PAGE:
Imagine yourself with two of your closest female friends, and let’s assume for the moment that you are also a woman. Statistics show that one of you will have been abused. If you are a man, then the odds aren’t much better. 25 percent of men admit that they have been the victim of physical abuse. In the United States, nearly 20 people per minute are physically abused and many more suffer from verbal abuse each minute. That verbal abuse can take on many different forms, and most verbal abuse happens behind closed doors. Here are some common types of verbal abuse to watch out for in your own relationships and in the relationships of those you love.

Opposing or Belittling

Many couples have minor spats where they disagree, and society tells us that this is perfectly normal within any relationship. However, many of these disagreements stem from a form of verbal abuse known as belittling or opposing. In these situations, the verbal abuser constantly puts down the other person’s opinion, making the victim feel stupid and useless, or at least that the abuser believes them to be. At the same time, they refuse to offer anything positive themselves. Therefore, constructive conversation toward problem resolution is impossible. On the other hand, the abuser may constantly make their significant-other feel like their ideas are worthless or wrong while still proposing alternative ideas. Without respect from both parties toward the other, relationships can easily take on this toxic cycle.


Another form of verbal abuse also involves frequent opposition to the victim’s thoughts and ideas. In this case, the verbal abuser may never let the person being abused discuss the topics that are important to them. The abuser may simply tell the abusee to ‘shut up” or they may switch topics so that no progress can be made towards resolving the conflict. This form of abuse can be severely degrading to the victim and also lead to damaged self-esteem. This form of degradation is one of many ways that an abuser can make someone feel both lesser in value and also without control, and can often lead to physical abusive behaviors against the victim. When blocking becomes particularly aggressive, it may become necessary to hire a domestic violence attorney. Otherwise, victims find it increasingly difficult to get away from a potentially dangerous situation.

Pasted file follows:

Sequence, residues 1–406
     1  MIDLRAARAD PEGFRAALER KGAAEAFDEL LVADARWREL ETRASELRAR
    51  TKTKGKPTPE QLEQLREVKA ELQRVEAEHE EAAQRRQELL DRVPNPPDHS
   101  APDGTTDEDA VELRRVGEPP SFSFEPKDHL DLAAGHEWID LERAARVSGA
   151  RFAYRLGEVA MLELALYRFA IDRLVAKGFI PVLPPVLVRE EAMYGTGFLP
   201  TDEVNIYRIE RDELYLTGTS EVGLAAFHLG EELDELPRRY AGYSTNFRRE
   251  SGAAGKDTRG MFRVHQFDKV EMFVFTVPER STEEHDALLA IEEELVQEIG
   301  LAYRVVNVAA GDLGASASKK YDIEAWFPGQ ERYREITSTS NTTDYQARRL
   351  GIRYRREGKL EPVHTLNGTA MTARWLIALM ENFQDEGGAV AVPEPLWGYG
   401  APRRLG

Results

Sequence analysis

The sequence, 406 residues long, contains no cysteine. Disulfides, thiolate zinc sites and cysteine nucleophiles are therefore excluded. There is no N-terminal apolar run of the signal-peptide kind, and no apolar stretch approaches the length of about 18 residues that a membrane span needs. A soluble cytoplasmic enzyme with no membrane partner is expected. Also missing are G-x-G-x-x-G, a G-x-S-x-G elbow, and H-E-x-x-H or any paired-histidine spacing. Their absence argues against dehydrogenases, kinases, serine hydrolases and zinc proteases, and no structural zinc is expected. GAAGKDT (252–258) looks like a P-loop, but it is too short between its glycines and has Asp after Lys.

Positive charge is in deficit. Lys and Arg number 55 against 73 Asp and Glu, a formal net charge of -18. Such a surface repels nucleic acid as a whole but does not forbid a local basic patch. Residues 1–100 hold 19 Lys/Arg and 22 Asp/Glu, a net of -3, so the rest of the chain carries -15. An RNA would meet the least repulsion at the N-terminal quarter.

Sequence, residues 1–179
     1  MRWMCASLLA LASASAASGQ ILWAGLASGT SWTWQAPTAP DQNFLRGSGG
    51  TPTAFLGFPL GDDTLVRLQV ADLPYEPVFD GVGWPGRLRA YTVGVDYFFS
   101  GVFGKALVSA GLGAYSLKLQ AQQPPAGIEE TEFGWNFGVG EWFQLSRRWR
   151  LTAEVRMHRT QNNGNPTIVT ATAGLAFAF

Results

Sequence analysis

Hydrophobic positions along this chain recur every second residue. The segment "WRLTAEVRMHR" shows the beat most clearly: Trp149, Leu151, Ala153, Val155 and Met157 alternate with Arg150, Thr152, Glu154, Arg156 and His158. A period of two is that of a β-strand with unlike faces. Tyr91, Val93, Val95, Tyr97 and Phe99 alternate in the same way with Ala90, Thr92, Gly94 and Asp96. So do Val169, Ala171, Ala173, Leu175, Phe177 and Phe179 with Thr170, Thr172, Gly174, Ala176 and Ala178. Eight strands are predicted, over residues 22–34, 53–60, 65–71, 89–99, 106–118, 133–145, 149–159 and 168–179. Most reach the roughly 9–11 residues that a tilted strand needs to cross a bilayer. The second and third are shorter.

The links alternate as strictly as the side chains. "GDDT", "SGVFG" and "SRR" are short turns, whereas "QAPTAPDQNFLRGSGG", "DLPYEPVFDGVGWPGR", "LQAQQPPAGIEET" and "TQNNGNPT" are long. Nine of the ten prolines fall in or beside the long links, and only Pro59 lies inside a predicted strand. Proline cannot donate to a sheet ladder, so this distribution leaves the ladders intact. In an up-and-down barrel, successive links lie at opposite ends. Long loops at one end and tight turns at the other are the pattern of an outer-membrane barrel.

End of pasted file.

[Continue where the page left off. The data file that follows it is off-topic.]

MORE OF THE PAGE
While threats of self-harm and suicide should be taken seriously, many do not realize that they can actually be misused as a form of abuse. People experiencing suicidal thoughts need to be given access to immediate professional help, but an abuser may use it as a way to manipulate their significant other rather than to actually seek help. The abuser will frequently threaten to harm or kill themselves if the victim doesn’t say or do what the abuser wants. This puts pressure on the victim to comply or else be responsible for the death or harm of someone they love, and will make it much harder for the victim to escape an abusive situation without severe guilt.


There are times when the abuser can make the person being abused feel like they are losing their minds. This is typically used to avoid blame or to make the victim believe that the abuse is all taking place in their heads. A common method is to escalate their denial to any accusation with further lies, blatantly denying any evidence against them. This either serves to wear down the accuser to the point that they realize that facts have no bearing anymore, or else to make the victim doubt themselves entirely. This also prevents the victim from gathering the help and support they need to escape an abusive situation.

While it can be very difficult, if you are in an abusive relationship, then it is important that you get out as soon as possible. While some verbal abuse can be done unknowingly by the abuser and can be fixed with earnest therapy, most situations are purposeful acts of manipulation and cannot be resolved. If you have brought up couples therapy and it has been received poorly, then you may be in a situation that could swiftly become life-threatening. Watch out for abusive signs, physical or verbal, and be prepared to reach out for the necessary help to escape your situation before it can escalate further.